Mitchell A. Berger

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Forces acting on the forearm and hand during swimming can be decomposed into drag forces and lift forces. In this study drag and lift forces were measured on two models of a human hand and forearm when towed in a towing tank. To compare the results of models with different size at different velocities force data were normalized to drag and lift coefficients(More)
To evaluate the propulsive forces in front crawl arm swimming, derived from a three-dimensional kinematic analysis, these values were compared with mean drag forces. The propulsive forces during front crawl swimming using the arms only were calculated using three-dimensional kinematic analysis combined with lift and drag coefficients obtained in fluid(More)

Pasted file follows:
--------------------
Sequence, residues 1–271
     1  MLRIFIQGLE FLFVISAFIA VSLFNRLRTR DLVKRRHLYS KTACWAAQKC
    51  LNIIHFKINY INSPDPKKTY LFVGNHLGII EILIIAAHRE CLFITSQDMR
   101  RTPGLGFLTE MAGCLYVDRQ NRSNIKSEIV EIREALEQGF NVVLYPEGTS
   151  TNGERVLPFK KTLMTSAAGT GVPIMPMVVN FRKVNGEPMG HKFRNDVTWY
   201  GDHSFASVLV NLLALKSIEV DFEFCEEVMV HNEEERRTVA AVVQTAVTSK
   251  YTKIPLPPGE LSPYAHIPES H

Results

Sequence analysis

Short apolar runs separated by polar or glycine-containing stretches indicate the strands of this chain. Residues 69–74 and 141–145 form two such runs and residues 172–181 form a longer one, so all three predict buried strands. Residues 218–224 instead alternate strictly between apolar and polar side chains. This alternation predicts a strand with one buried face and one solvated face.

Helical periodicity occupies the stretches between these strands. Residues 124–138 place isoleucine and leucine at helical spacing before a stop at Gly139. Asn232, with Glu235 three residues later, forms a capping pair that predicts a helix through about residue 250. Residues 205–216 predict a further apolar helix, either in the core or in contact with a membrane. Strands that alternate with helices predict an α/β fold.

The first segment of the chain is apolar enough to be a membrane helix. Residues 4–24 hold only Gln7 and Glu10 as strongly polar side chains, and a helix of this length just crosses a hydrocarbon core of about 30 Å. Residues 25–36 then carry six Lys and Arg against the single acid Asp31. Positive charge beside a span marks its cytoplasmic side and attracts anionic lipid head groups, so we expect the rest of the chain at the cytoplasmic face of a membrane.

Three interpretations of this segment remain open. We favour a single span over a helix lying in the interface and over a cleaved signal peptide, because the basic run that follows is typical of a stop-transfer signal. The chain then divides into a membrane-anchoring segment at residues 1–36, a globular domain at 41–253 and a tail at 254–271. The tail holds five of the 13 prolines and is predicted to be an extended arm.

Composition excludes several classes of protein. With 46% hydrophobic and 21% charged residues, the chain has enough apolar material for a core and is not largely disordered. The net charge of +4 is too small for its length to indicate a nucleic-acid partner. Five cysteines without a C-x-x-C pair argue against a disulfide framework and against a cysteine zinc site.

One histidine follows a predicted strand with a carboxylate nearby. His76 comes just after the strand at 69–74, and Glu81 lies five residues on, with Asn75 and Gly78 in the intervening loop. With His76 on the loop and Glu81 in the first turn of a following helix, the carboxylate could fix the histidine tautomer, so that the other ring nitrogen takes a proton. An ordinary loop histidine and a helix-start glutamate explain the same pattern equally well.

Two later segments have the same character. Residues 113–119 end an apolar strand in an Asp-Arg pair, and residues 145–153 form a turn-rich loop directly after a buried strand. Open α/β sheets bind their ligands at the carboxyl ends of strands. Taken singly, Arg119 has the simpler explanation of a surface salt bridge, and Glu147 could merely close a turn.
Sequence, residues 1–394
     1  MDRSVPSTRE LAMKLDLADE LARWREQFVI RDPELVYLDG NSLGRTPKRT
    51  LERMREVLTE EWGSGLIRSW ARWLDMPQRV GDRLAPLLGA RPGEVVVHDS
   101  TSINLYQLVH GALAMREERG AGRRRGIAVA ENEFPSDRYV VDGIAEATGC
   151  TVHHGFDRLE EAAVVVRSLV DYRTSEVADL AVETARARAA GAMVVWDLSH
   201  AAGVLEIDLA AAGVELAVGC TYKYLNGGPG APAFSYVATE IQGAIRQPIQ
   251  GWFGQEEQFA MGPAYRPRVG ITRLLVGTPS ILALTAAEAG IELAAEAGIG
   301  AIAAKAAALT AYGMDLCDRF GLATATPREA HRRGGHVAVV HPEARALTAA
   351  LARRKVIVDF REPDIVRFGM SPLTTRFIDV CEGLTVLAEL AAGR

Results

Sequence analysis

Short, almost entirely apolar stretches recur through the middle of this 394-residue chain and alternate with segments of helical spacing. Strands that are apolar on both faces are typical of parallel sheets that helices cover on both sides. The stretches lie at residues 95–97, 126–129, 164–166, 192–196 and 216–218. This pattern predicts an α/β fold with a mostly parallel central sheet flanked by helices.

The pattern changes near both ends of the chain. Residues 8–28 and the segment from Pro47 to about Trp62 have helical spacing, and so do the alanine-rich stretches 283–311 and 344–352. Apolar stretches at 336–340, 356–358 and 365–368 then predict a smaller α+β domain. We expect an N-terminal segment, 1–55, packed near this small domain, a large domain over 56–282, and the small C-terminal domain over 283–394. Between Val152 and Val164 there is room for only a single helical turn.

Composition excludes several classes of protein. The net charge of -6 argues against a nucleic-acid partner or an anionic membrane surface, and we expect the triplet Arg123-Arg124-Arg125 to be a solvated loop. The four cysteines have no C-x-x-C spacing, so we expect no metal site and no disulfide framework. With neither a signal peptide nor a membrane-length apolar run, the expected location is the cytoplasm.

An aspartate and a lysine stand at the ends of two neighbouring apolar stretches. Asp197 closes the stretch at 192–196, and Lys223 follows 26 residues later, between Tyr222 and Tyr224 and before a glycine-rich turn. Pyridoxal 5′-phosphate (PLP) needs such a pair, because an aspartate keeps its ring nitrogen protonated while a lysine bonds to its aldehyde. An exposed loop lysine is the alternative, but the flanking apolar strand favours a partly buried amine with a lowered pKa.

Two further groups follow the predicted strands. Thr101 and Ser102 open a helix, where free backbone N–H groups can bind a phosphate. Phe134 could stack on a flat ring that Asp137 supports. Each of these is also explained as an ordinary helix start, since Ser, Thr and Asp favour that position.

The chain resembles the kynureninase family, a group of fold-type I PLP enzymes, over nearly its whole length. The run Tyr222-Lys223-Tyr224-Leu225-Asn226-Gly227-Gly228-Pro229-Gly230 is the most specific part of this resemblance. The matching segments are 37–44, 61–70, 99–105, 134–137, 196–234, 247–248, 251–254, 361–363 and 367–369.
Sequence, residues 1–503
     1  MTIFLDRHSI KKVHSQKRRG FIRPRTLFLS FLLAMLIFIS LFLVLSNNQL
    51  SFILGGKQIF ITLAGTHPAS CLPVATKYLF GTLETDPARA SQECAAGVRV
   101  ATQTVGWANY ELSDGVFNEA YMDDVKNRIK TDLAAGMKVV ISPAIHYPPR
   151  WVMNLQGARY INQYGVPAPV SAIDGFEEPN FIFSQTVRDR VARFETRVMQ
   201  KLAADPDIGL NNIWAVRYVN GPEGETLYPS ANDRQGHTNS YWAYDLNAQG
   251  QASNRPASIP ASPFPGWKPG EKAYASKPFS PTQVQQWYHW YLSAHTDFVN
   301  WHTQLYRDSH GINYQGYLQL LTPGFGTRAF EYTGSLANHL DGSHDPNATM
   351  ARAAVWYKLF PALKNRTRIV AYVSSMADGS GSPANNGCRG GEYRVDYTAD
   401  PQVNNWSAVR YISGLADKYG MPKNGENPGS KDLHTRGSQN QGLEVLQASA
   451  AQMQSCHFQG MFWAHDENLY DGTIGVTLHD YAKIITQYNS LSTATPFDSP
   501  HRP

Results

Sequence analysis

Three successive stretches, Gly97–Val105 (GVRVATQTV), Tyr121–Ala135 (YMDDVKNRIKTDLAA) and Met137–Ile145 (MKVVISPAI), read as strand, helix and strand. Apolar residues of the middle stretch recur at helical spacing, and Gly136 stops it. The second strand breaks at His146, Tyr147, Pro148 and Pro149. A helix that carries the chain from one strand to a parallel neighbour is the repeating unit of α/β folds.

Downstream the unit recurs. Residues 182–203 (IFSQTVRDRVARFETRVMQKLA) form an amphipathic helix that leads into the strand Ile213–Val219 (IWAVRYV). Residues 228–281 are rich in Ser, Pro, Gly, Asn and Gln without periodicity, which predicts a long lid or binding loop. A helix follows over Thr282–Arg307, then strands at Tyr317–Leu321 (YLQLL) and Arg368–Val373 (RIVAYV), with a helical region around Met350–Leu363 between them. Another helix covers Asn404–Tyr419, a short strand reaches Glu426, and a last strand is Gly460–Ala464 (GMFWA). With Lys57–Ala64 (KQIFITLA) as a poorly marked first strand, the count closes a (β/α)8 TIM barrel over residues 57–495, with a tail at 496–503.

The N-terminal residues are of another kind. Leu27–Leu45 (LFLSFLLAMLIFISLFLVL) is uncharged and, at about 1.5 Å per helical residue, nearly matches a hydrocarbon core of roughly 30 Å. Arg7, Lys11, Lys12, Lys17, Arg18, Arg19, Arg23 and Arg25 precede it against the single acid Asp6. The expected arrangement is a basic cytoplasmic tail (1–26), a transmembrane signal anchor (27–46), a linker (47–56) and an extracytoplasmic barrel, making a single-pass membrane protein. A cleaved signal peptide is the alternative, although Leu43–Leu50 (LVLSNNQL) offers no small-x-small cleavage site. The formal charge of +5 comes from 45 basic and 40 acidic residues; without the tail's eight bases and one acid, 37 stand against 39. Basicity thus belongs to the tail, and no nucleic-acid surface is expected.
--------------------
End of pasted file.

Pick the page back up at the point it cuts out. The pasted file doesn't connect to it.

Forces in human swimming consist of two components, a drag force and a lift force. The lift force is assumed to be beneficial because of the relative small energy loss to the water. This energy loss can be quantified by determining the propelling efficiency, ep (defined as the ratio of the useful power to the total power output). The first purpose of this(More)
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